Here, we share the most popular ceiling texture types to help you choose the right finish for your home.
When designing rooms in your home, ideas like the paint color for the walls and ceiling are among the basics. Yet, to create something truly interesting, it’s a good idea to think back further to the fundamentals. In other words, before deciding on the color of your room, try thinking about the ceiling texture patterns you want.
There are many different textures that you can choose from, and they’re a great way to bring another dimension to your interior design.
A knockdown ceiling texture takes a little work to install. You must wait for a ceiling compound to be skinned over and then flatten it with a specialty tool.
This second step is known as “knocking down,” hence the application’s name. Once the material is set, the only thing left is to prime and paint the ceiling.
While it’s difficult to install and repair, knockdown finishes have a popular appearance, and they cover imperfections well. Despite the number of steps it takes to set it up, it isn’t a particularly difficult installation.
Popcorn ceiling texture peaked in the late 20th century, but it still holds sway in many homes. The application is achieved by using a mix of compound and styrofoam balls.
To install it, a hopper and gun are used without complicated tooling. You also don’t need to worry about painting it, and it’s easy to handle during repairs and remodels.
The downside is that the gun and hopper leave some mess, and you’ll need to hang plastic for the job.
Technically, a drywall ceiling texture is an open term. You can use any standard pattern to finish off a plain drywall or plaster area.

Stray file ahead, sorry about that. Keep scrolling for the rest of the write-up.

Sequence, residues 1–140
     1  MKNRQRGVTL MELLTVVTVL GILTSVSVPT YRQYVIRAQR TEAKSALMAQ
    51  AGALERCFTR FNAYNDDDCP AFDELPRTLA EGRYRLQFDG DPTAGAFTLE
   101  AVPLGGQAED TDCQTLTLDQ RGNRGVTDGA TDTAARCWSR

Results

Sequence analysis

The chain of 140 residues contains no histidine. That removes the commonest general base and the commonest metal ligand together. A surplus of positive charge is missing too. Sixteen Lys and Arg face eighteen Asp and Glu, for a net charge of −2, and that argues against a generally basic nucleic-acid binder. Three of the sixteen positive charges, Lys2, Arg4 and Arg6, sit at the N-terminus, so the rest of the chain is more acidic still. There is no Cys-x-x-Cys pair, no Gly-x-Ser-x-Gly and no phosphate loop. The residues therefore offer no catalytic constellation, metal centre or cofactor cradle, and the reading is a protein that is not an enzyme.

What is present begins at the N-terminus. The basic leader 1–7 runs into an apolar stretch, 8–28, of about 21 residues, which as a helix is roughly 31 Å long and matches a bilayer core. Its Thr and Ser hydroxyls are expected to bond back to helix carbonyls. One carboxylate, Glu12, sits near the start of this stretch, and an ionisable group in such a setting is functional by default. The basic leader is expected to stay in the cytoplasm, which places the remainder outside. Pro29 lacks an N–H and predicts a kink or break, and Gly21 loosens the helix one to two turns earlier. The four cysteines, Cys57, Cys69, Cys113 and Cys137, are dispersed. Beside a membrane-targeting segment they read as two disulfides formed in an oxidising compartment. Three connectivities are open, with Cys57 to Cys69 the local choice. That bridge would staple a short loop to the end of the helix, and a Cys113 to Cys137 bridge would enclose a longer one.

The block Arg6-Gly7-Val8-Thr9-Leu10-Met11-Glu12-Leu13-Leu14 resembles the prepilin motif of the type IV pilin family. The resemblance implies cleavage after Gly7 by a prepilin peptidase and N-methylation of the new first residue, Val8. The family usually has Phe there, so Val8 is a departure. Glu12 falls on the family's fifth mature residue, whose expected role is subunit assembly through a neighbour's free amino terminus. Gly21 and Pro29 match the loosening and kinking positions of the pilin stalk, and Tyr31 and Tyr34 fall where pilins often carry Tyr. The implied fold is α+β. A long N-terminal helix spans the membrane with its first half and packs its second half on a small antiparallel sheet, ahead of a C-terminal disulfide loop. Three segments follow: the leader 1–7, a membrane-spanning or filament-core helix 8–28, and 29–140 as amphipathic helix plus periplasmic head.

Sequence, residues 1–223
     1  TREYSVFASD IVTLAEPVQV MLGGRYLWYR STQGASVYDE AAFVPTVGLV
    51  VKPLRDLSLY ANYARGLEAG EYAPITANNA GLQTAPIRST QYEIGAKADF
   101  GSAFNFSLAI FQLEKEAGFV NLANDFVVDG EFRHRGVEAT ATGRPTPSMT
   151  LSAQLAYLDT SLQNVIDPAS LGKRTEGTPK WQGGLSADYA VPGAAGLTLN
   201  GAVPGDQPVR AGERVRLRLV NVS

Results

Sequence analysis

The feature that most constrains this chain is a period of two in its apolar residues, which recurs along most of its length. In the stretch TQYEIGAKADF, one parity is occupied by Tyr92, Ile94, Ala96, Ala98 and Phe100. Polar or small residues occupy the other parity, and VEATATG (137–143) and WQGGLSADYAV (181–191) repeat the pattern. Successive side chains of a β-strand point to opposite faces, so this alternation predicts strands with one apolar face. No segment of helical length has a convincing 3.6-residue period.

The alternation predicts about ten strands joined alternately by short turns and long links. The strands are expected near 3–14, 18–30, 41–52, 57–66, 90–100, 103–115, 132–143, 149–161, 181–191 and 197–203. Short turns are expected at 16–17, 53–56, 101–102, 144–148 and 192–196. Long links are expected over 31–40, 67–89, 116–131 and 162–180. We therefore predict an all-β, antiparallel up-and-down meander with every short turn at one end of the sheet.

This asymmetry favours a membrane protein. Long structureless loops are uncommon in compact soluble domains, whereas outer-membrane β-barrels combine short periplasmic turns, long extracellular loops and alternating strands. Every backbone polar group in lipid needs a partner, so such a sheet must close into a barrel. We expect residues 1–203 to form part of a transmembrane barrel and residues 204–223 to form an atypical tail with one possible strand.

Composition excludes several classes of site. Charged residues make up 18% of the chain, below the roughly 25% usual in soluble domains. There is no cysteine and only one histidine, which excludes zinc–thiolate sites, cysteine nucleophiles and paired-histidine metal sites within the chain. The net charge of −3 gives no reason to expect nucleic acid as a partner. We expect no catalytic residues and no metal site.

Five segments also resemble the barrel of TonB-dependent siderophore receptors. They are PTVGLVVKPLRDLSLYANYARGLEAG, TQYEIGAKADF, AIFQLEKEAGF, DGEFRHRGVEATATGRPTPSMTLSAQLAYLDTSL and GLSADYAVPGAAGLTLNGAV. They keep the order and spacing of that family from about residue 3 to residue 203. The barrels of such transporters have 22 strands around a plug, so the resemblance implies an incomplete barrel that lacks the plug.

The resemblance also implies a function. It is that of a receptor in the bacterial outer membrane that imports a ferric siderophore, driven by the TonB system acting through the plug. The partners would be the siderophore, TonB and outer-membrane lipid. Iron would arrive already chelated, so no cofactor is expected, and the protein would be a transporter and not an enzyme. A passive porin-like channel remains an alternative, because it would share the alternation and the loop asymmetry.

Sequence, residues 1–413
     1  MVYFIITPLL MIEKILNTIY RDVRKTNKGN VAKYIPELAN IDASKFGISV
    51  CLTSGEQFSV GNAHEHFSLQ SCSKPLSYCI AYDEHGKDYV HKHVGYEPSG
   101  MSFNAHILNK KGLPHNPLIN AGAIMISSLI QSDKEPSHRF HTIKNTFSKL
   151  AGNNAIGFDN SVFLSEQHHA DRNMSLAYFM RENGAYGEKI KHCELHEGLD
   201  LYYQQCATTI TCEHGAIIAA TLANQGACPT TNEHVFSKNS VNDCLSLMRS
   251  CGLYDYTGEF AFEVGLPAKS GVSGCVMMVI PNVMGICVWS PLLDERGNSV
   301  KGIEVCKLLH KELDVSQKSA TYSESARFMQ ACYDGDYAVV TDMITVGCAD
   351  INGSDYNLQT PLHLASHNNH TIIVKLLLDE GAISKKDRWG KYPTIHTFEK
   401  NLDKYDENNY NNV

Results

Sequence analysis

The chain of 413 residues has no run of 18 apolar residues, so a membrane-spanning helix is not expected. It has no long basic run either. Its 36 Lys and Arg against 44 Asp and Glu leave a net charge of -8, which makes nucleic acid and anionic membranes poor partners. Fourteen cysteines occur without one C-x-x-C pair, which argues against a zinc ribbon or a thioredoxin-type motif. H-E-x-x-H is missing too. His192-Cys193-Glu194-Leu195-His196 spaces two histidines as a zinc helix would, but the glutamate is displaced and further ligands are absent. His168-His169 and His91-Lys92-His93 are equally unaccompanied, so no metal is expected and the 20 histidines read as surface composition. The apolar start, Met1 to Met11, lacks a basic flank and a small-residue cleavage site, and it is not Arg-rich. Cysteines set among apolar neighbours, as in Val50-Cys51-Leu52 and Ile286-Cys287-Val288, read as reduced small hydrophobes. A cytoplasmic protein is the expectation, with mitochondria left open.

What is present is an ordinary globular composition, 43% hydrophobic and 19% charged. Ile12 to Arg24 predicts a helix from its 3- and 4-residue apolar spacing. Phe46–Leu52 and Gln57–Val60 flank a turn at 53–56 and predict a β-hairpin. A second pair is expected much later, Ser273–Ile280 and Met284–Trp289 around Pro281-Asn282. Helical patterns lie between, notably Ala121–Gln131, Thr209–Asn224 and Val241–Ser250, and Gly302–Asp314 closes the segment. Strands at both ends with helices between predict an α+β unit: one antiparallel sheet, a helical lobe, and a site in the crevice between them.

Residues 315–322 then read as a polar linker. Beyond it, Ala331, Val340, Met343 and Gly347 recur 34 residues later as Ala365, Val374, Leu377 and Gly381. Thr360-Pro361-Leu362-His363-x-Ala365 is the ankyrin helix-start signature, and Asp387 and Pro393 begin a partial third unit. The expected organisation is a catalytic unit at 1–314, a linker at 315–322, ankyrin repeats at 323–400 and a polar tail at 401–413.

In addition, it isn’t the plaster or drywall itself being manipulated when textures are added to a ceiling.
Instead, a layer of drywall mud is added to the sheetrock, and tools such as trowels, rollers, and sprayers are used to create the textures. Even smooth finish applications tend to add a compound to the bare drywall rather than leaving it as is.
Orange Peel Texture
The orange peel ceiling texture gets its name from the look of the finish, which resembles the inside of the peel of an orange.
To get this look, the ceiling is sprayed about 2 to 3 feet away with a mixture using a hopper and gun, much like how a knockdown finish is started. While applying, the hopper gun should continue moving at all times to avoid buildup.
Once the material is set, you can use a drywall knife to break off high spots if desired. The material will take about 24 hours to completely dry before being able to prime and paint.
This is an easy choice to tackle during repairs and remodels, and it’ll hide imperfections during the process easily. It’s also a less expensive choice. However, since a spray is used, this can be a messy installation with a bit of cleanup.
A stomp texture is a great choice if you want something unique that will easily cover any imperfections in the ceiling’s surface.